Underneath the water’s surface lie the amazing treasures of the coral reefs and the deep blue. Marine life is abundant and there are plenty of fascinating coral formations and wrecks to discover.
On land, life proceeds at a calm pace and there is a casual, relaxed atmosphere. Most of the almost 1,200 coral islands are tiny; you can walk around them in less than twenty minutes. Only 202 of them are inhabited. Setting foot on a lonely island is an experience not to be missed, a true Robinson-Crusoe moment.
As you cruise through the atolls on one of our ships, you will feel like a modern-day explorer, off to discover new worlds above and below the water’s surface.
Capital city: Male
Islands: 1190, of which 202 are inhabited (87 are tourist resorts).
Population: 270,000 according to 1998 census.
State religion: Islam
Location: South-West of Sri Lanka, on the equator.
Average temperature: 29–32 ˚C
Local time: GMT +5 hours
Currency: Rufiyaa (1 Rufiyaa = 100 Larees)
Electricity: 230-240 Volts –AC
International dialling code: +96
Best time to visit:
Essentially, every season has its advantages. While the weather is most reliable and the visibility the clearest in February, March and April, the higher levels of plankton during other periods attract a large number of pelagics such as mantas and whale sharks.
In general, the weather is tropically warm and humid all year round, with only minor changes of temperature in different seasons. In recent years it has become harder to predict the timings of the wet and dry seasons, as the equatorial climate is changing.
Even in the so-called wet season, prolonged periods of rain are rare and precipitation is usually limited to short but strong downpours, swiftly followed by more sunshine.
Local culture and laws:
The Maldives are 100% Muslim and guests should respect local customs, laws and cultural sensibilities. Topless sunbathing is prohibited and, when visiting islands, revealing clothing is frowned upon. The import of alcohol, pork products and pornographic material is strictly forbidden. Drug offences carry heavy prison sentences. We strongly advise our guests to respect local legislation at all times.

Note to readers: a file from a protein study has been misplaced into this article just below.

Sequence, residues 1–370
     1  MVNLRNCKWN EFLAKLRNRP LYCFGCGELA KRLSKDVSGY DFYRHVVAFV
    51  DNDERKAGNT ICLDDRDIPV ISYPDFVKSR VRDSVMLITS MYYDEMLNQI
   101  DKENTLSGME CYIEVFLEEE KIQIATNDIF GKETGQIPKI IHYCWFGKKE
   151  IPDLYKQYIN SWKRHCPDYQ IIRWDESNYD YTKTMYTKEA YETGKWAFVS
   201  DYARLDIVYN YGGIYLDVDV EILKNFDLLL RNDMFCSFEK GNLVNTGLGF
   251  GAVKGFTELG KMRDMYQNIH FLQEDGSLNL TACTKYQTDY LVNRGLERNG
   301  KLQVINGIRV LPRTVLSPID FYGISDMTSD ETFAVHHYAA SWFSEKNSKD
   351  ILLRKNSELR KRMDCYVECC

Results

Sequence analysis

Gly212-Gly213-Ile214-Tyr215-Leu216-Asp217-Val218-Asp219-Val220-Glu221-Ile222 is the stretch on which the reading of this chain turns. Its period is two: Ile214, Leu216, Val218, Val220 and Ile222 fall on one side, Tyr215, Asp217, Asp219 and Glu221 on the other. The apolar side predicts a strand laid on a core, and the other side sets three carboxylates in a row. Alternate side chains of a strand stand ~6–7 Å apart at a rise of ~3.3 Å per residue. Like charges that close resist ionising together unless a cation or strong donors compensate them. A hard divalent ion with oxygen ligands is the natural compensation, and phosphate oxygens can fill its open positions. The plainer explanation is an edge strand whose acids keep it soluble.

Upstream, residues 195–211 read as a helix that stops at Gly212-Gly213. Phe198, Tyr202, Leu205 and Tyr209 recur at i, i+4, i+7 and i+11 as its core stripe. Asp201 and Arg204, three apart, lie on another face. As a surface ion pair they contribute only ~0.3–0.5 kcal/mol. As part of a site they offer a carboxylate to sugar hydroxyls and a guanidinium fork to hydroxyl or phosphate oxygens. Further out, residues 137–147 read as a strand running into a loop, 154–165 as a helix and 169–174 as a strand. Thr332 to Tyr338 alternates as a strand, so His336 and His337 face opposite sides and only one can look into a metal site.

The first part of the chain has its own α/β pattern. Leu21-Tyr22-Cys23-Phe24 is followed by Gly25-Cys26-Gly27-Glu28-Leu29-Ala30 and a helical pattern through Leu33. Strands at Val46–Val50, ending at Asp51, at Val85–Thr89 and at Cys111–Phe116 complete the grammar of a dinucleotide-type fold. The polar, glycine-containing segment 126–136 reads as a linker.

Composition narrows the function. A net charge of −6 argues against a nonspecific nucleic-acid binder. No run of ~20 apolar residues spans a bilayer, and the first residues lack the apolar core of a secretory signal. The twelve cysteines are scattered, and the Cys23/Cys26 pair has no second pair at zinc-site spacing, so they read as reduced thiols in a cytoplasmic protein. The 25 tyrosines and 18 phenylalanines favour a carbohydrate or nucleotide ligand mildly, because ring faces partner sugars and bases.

The Maldives could be hit especially early and especially hard by climate change, as its coral reefs are among the most complex and fragile eco-systems in the world. The smallest change in water levels or temperatures could lead to dire consequences. Together with our guests, we would like to do our bit to protect the environment. All our ships are obliged to use resources responsibly and dispose of grey water and rubbish in a conscientious way. We kindly ask our guests to preserve water and electricity, not throw rubbish over board and refrain from destroying animals and plants during dives.
You will automatically be issued with a 30-day tourist visa upon arrival. Make sure your passport is valid for at least 6 months after the last day of your holiday.
The Maldivian islands have been inhabited for over 3,000 years, but not much is known about the origins of the Maldivian people. Much of their long history is shrouded in mystery.
For centuries, the Maldives have been a thoroughfare for trade ships, many of which were shipwrecked in the intricate network of reefs. The castaways and traders brought different cultural influences to the country, creating a veritable ethnic, cultural and linguistic melting pot.
As a result the cultural heritage of the Maldives is complicated and enigmatic, with influences stemming from the Asian Sub-Continent, West Africa, China and Arabia. Though not much remains of earlier cultures, it is easy to imagine that those who landed in the Maldives, whether by accident or design, were pleased with what they found.
Trade with cowry shells was the mainstay of the Maldives for many centuries. These precious shells were used as an international currency in Africa, China, Arabia and India – and Maldivian cowries have been found as far away as Norway.